Something from Pink Floyd

The museum warrants multiple visits. I gladly made a return visit in the summer of 2012 as part of a trip with Matt, my close friend and partner in stadium chasing. We ventured to Ohio to see Progressive Field in Cleveland and Great American Ball Park in Cincinnati. We were joined in Cleveland by Matt’s school friend John and John’s wife Leah. All three of them were wonderful company.

John is a big Grateful Dead fan, so he was delighted to hear that the museum was offering a Grateful Dead exhibit when we visited. The installation featured a representation of the Dead's famous concerts, complete with live show footage on an incredible state-of-the-art video and speaker system. The replica of the band's Wall of Sound, a massive arrangement of speakers stacked as high as the stage, added an extra touch of authenticity. I am not a huge GD fan, but I was definitely more into them after seeing this exhibit. Paul Simon is the featured artist for 2015. I might have to make trip #3 to check that one out.

Inspired by the museum, Matt rocks out.

After taking in the museum, we wandered around the city for a while and found quite a bit of quirk, including bad poetry etched into brick walkways, a truly creepy statue and a tongue-in-cheek sidewalk surprise. 

This bizarre statue is a nod to Hungarian freedom fighters

Our wanderings eventually brought us to Euclid Ave, a fancy part of town not far from Progressive Field. The highlight there was a meal at the Greenhouse Tavern that included foie gras steamed clams.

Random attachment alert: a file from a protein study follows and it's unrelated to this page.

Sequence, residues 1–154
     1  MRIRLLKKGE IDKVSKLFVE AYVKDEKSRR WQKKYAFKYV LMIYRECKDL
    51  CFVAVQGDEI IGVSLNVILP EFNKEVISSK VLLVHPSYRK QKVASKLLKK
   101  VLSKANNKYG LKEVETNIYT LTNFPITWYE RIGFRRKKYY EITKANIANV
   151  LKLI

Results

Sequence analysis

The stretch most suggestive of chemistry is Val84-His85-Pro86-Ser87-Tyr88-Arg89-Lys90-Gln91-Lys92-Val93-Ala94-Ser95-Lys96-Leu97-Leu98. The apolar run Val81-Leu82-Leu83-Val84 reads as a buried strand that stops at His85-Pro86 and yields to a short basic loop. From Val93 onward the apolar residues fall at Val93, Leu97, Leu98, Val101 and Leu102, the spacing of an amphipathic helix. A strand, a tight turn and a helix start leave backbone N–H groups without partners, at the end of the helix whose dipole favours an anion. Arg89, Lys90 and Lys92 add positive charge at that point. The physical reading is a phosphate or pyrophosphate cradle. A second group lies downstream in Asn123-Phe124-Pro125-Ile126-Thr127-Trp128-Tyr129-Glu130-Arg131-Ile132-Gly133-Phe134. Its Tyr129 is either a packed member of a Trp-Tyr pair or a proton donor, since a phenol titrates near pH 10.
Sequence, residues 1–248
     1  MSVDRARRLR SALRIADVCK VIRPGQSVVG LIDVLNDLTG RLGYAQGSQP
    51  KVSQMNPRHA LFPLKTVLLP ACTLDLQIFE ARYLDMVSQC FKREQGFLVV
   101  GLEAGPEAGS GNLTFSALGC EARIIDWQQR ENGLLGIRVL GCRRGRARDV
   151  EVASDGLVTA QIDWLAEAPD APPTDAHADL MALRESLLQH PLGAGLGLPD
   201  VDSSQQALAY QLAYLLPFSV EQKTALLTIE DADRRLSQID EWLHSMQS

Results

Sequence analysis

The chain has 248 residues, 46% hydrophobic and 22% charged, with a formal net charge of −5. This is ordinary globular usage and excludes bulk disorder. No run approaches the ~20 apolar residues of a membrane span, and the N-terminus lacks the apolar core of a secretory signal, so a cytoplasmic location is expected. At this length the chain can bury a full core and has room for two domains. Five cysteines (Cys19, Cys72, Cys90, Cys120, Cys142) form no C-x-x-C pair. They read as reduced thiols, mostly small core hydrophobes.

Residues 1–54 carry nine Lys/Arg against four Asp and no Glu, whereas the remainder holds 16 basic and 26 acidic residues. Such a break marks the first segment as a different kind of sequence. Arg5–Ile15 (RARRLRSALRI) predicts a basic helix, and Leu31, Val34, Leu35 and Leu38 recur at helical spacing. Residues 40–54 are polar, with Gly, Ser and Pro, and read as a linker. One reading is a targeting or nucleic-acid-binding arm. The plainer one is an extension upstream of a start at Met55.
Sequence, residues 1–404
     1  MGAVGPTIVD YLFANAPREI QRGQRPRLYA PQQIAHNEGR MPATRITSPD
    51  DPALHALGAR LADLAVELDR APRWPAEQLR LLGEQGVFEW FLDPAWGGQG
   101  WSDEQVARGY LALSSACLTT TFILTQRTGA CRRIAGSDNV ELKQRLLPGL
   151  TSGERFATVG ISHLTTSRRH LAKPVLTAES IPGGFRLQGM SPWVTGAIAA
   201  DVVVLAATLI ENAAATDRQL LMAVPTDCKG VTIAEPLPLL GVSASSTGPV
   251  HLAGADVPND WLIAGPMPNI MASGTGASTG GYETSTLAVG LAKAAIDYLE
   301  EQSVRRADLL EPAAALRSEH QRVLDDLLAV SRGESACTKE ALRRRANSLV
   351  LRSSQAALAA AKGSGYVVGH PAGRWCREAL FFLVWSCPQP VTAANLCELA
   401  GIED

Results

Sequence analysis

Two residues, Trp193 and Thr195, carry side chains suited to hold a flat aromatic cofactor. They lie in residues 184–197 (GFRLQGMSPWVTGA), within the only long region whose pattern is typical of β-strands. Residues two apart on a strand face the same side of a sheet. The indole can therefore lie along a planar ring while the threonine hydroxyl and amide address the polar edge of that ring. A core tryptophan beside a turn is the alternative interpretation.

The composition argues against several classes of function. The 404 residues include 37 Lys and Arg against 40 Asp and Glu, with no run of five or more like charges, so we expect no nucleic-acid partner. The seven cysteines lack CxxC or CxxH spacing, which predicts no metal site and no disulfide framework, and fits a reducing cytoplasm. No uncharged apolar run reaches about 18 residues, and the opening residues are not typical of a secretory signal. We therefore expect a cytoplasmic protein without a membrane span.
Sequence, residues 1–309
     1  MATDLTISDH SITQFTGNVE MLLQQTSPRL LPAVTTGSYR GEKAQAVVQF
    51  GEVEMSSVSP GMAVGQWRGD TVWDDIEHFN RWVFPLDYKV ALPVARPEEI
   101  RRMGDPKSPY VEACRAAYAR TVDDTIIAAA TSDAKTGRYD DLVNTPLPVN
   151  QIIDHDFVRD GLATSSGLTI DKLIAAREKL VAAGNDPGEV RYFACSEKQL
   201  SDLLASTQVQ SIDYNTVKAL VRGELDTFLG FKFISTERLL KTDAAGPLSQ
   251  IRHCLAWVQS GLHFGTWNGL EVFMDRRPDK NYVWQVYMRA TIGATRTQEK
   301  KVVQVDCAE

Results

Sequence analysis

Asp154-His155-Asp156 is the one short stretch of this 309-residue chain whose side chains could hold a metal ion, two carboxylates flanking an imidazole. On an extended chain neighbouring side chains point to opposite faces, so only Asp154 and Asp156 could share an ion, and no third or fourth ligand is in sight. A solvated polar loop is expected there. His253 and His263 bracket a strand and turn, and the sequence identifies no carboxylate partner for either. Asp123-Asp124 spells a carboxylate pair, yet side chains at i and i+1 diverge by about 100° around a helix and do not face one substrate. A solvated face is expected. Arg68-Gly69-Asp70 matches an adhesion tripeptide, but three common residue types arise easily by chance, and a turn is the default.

We also got quite a bit of amusement out of meeting a busboy that looked like a younger version of Matt.

The busboy (left) and Matt (right) 
With our bellies full, it was time to head to Progressive Field, home of the Cleveland Indians. Progressive is a fun but flawed stadium. The playing field is seventeen feet below sea level, which gives the stadium an intimate feel, and its downtown location adds a nice backdrop. However, several minor annoyances added up. The stadium was hard to navigate. Long railings made it hard to get to your seats without colliding with other fans. No cup holders in the seats. Fans were unspirited. Row numbers would skip a numeral or two for no reason. Not such big deals in and of themselves, but when you look at them as a whole, you realize that Progressive is in the "good-but-not-great" tier of baseball stadiums. 

There was one feature of Progressive Field that out-shined all other stadiums: the post-game fireworks. Many stadiums feature fireworks, but this show went above and beyond your normal crackle and boom. It was Beatles-themed, so the fireworks exploded in sync with many fantastic Beatles songs. A trippy custom-animated video accompanied each song. Fireworks were launched from not only behind the outfield wall, but from field level and the top perimeter of the stadium. As if that wasn't enough, they added a coordinated laser light show. The fireworks went on for a good half an hour, and I loved every second of it. If you go, be sure to go on fireworks night. It's worth the price of the ticket for that alone.